Early dance, like early music, is extremely difficult to authenticate. Unlike other art forms, it leaves no traces.Seen once or twice by probably biased “civilized” persons, it is difficult to describe accurately. Only one thing can be said wit any certainty and that is that it did exist.
Almost all primitive cultures have dance in some form or another, most commonly circle or line dances. Whether dances are sexually segregated or not varies from culture to culture. Dances not only have entertainment value, but often have ritual and religious significance as well. Think for a moment about the American Indian Though lacking in iron and the use of the wheel, they probably resembled the wandering tribes of the European Migration Period (200-600). The had war dances, dances for weather, to impress a wife, as coming of age ceremonies, to placate the spirits, and so on.
One of the few areas we do have some information on is that of the early Celtic Iberia (modern Spain). Vase paintings show women apparently dancing a line dance similar to the Mediterranean grape-vine dance. Men are shown fighting to the tune of a double-pipe and tuba, probably a magic dance or ceremonial funeral games. Livy said the Iberians went into battle leaping in time to monorhythmic music and singing martial songs. They danced at a funeral pyre with arm an body movements. This same kind of dance was frequently performed by the Hispani and the Lusitanians. Other hints include the nude dancing figures from Nevy-en-Sullias (Roman Gaul). And who could forget the dancing Maenads of the Bacchanalic rites?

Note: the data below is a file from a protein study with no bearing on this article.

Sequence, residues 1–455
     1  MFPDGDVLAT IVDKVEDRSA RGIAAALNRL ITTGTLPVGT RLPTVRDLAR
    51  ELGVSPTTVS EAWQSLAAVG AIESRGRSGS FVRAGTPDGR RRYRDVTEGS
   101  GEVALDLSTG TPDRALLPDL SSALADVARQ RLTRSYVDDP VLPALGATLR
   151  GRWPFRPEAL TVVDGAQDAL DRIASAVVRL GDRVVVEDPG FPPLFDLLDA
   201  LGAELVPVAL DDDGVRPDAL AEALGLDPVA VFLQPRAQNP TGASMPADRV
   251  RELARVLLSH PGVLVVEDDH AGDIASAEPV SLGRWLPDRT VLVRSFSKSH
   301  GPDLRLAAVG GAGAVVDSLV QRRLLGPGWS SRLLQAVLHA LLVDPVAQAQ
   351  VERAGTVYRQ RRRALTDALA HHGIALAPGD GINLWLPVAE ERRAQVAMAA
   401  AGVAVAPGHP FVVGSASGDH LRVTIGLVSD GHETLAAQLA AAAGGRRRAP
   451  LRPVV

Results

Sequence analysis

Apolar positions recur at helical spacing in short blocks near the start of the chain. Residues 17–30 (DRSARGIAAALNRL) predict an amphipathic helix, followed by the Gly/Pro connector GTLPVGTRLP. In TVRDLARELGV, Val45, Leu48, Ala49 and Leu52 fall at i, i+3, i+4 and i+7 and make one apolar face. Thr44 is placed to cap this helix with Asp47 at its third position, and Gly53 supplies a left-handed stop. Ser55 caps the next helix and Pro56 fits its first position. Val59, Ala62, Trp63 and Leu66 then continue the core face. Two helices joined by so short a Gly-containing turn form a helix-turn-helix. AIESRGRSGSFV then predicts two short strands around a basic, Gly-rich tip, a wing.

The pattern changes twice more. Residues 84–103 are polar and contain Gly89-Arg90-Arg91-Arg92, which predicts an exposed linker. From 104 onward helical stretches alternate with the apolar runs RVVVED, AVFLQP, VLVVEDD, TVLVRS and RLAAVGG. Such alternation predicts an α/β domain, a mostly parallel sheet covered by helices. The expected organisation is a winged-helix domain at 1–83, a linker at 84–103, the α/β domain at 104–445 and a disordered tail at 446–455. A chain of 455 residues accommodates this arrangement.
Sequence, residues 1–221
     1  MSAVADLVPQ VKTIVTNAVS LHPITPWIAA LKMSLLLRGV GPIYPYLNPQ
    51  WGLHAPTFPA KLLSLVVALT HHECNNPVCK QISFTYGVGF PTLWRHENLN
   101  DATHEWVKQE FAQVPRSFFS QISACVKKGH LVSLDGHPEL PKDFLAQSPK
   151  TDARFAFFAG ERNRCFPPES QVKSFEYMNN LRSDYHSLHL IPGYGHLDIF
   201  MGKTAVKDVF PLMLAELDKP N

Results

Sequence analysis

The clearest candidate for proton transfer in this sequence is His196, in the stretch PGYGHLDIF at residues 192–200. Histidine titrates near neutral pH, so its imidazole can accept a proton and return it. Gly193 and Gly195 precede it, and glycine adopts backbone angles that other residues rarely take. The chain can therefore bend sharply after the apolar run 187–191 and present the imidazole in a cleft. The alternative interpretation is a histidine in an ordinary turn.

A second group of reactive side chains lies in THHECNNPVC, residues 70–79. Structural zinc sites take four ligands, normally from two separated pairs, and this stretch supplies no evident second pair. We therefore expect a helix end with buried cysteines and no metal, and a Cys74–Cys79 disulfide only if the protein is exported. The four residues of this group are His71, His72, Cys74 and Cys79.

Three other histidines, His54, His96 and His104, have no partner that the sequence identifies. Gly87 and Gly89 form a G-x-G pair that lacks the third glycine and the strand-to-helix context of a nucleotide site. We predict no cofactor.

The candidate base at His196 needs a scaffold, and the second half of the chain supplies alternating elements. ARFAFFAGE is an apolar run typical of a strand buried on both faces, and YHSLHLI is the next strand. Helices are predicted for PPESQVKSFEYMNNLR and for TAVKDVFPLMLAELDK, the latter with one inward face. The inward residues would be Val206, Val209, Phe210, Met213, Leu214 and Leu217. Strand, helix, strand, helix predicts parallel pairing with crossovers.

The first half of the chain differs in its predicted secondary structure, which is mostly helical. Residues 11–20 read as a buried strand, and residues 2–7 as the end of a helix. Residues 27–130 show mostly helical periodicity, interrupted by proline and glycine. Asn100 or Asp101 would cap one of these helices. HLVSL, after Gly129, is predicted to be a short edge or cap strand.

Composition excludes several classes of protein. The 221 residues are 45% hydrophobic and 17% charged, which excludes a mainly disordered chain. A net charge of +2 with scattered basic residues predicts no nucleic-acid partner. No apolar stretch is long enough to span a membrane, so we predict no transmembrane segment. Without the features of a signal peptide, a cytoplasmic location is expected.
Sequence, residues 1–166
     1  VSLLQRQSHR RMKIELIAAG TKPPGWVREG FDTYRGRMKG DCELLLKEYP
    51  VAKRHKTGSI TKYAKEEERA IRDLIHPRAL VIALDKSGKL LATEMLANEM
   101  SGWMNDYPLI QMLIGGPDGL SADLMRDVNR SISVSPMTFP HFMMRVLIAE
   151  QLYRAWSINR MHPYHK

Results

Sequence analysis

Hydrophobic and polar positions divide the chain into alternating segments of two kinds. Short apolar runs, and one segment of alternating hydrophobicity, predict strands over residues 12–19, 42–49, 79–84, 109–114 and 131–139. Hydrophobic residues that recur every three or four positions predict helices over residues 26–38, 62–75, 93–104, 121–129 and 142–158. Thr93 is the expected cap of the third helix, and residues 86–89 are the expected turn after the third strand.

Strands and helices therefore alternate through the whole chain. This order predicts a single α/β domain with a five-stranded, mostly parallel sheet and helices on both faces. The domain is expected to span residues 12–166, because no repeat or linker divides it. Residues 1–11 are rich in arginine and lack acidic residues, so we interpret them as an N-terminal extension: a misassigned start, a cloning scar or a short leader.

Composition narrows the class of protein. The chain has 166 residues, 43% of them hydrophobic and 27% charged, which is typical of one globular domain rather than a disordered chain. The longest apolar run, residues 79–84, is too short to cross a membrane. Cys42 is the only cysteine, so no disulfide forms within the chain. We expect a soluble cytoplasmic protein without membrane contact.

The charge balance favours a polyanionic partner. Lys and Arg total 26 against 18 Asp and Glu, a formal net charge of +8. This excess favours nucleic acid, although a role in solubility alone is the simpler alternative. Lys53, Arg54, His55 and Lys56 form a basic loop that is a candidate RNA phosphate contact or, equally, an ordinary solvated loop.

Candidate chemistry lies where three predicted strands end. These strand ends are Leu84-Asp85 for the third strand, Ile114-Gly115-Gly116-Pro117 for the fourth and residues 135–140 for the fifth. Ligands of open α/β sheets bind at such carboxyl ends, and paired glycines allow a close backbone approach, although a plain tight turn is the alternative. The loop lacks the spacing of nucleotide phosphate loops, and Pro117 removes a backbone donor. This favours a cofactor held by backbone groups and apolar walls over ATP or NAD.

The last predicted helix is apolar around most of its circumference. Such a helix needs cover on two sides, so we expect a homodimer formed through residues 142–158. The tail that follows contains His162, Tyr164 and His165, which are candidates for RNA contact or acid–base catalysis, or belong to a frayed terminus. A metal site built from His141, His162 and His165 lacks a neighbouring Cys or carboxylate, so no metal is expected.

Without much to go on, we are trying to collect references to or adaptations of early dance. If any of our readers have information on early dance, we would love to hear from you. The information will be compiled and published in a future issue of Early Period.
Arribas, Antonio The Iberians Frederick A. Praeger, New York, 1964.
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